From The Invented Reality. Edited by Paul Watzlavick, Norton Publishing, New York, 1984.
Francisco J. Varela.

A HAND RISES OUT of the paper, groping into a larger world. When we believe it is hopelessly beyond the flatness of its origin, it plunges back onto the flat surface, sketching its own emergence from the white sheet. A loop is completed whereby two levels are collapsed, intercrossed, entangled. At this point, what we wanted to hold in separate levels is revealed as inseparable, our sense of direction and foundations seems to falter, and a sense of paradox sets in.


Traditionally such circularities were called vicious circles; they were the epitome of what had to be shunned. But I suggest that they be called virtuous and creative circles. In their apparent strangeness, there are keys to the understanding of natural systems, their cognitive phenomena, and a rich world of forms. Here I shall offer some sketches of this world of strange loops from three fundamental perspectives: empirical, formal, and epistemological.


In the Escher engraving we see that the two hands mutually draw themselves. That is, they mutually specify their conditions of production.

They bootstrap themselves out of the engraving to constitute a separate entity. More precisely, their mutual specification sets them apart from the rest of the drawing to constitute a unity. Their operation (mutual drawing) specifies the conditions under which they can be distinguished, setting them apart from a background.

To find that a unity sets itself apart from a background by its operations is an ordinary experience we normally associate with living things. Since antiquity, autonomy served to designate this experience. If I observe a dog walking on the street and it suddenly changes direction and moves toward me, I generally impute an intention in the dog to greet me. Whether or not such an imputation of mentality is valid is not so interesting to me as the fact that it is tempting to impute intention on the basis of what the dog does. That is, the dog's behavior is difficult to account for unless I observe that the dog confronts its environment not as if it were receiving instructions from this environment for particular outcomes but, rather, as if these instructions were mere disturbances that the dog interprets and constructs according to its sense of regulation and balance. This is again that peculiar quality that we call autonomy. In fact, should my car not start one morning, I would be tempted to say it was mad at me; but since I am civilized, I realize that such an imputation is impossible, given that the machine was designed by men in the first place.

Perhaps the trouble begins precisely there: We did not design the dog, nor does it seem to be there for any purpose about which we can easily agree. The sharp contrast between living systems that exhibit autonomy and many other natural and man-made artifacts has fascinated biologists since the time of Aristotle and until the nineteenth century, and only the fascination with the diversity of the living could compete in attraction [11]. Interestingly, the theme of autonomy gradually disappeared into the fog of nondiscussion with the rise of genetics and molecular biology by the turn of the century, and, in parallel, the fields of engineering and design developed rapidly, giving rise to cybernetics and control theory. As a consequence, today not only do we not think about autonomy in natural systems, but we simply do not even recognize that such a name could apply to anything that could be made precise. Autonomy's conceptual counterpart, control, can surely be made exact, but not autonomy.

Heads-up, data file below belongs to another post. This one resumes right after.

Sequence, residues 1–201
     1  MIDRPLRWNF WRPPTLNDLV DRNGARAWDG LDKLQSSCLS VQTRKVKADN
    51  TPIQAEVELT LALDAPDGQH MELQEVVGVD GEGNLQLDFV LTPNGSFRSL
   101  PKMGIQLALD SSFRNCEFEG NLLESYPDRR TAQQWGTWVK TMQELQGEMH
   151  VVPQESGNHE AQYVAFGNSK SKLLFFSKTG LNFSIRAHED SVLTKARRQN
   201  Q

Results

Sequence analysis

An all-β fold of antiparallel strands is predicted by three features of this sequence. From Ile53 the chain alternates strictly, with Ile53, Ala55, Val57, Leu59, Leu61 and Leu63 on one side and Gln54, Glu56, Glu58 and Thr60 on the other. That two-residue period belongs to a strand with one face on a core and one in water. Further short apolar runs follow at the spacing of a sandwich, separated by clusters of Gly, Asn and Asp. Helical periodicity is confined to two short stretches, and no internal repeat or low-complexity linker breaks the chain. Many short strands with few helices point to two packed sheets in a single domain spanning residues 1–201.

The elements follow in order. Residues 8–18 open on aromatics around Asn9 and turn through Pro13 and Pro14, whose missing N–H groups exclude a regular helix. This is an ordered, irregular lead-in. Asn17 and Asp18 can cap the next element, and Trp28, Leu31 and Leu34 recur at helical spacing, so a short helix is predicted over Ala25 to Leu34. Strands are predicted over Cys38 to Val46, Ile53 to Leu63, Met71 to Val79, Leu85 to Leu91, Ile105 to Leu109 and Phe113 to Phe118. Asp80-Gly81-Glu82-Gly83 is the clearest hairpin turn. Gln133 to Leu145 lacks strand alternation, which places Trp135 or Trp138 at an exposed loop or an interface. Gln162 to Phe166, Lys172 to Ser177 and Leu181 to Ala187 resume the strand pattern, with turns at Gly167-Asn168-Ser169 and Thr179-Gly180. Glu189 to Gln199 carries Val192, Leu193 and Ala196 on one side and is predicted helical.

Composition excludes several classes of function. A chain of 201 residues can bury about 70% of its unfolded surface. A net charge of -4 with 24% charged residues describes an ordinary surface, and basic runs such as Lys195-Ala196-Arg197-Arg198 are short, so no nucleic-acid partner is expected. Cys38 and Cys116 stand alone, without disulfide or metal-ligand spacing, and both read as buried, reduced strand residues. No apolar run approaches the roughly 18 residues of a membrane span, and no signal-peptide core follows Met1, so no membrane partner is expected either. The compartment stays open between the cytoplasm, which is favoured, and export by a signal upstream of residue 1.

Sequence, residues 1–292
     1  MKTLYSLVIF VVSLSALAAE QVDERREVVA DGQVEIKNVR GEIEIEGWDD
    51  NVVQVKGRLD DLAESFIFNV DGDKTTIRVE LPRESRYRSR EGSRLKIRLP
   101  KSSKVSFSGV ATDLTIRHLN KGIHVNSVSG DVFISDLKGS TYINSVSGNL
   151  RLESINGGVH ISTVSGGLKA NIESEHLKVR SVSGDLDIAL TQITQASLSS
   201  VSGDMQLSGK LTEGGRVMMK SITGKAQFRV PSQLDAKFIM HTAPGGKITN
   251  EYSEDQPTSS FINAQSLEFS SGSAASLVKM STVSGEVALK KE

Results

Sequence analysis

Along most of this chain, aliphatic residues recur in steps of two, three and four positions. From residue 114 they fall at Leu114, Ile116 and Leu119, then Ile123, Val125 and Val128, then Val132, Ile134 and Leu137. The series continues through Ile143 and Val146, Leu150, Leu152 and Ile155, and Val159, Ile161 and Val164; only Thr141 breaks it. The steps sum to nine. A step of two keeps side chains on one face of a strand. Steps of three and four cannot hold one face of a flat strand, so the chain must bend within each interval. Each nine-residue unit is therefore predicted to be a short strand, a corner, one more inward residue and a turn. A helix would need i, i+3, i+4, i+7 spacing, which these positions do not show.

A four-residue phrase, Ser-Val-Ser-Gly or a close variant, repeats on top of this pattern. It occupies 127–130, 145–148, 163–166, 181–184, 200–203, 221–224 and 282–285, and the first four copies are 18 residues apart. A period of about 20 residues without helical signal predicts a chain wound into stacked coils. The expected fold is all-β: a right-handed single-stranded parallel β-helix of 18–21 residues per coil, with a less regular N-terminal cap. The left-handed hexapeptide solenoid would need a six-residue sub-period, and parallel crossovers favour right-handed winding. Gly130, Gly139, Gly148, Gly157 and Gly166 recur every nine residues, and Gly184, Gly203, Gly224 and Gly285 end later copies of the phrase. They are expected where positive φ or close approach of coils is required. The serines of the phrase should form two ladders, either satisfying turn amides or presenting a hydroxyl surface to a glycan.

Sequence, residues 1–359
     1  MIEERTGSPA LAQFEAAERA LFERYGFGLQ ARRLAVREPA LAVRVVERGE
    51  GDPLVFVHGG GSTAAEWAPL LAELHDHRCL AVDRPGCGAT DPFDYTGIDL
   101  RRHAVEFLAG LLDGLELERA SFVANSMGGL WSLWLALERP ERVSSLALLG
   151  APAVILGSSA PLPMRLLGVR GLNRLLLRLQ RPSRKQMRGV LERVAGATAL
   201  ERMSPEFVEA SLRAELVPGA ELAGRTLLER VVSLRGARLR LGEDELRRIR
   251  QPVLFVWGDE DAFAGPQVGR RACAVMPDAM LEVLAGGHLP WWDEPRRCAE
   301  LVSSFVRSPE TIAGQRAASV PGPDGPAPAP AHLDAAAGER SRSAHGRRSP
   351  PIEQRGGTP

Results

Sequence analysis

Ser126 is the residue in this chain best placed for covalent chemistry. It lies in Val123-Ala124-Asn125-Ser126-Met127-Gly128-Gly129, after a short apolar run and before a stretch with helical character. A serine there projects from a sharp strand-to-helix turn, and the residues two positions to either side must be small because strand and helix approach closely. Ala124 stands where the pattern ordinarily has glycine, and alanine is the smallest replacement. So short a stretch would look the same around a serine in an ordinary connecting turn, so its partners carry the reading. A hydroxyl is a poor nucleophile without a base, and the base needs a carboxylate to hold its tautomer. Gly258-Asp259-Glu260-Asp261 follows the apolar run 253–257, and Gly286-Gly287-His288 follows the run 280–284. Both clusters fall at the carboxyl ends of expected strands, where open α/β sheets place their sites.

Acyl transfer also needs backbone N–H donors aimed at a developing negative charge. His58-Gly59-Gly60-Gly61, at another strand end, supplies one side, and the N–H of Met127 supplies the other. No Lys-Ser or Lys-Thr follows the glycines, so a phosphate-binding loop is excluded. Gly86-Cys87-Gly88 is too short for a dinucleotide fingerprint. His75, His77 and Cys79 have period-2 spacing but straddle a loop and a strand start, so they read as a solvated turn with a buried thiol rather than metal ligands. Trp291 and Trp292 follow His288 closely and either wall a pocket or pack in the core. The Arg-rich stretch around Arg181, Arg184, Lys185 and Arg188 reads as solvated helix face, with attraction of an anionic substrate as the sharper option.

There is, of course, no more intrinsic mystery to autonomy than there is to control. The key is to see that autonomy is an expression of a peculiar kind of process that is profusely found in nature in many concrete forms [13]. This kind of process is precisely the one portrayed by Escher - parts that mutually specify themselves.

It is through this kind of articulation, in the molecular domain, that life specifies itself and acquires its autonomous quality. A cell stands out of a molecular soup by defining and specifying boundaries that set it apart from what it is not. However, this specification of boundaries is done through molecular productions made possible through the boundaries themselves. There is, therefore, a mutual specification of chemical transformation and physical boundaries; the cell draws itself out of a homogeneous background. Should this process of self-production be interrupted, the cellular components no longer form a unity and gradually diffuse back into a homogeneous molecular soup [8].

The backbone of the cellular organization (Figure 23) can be drawn as follows: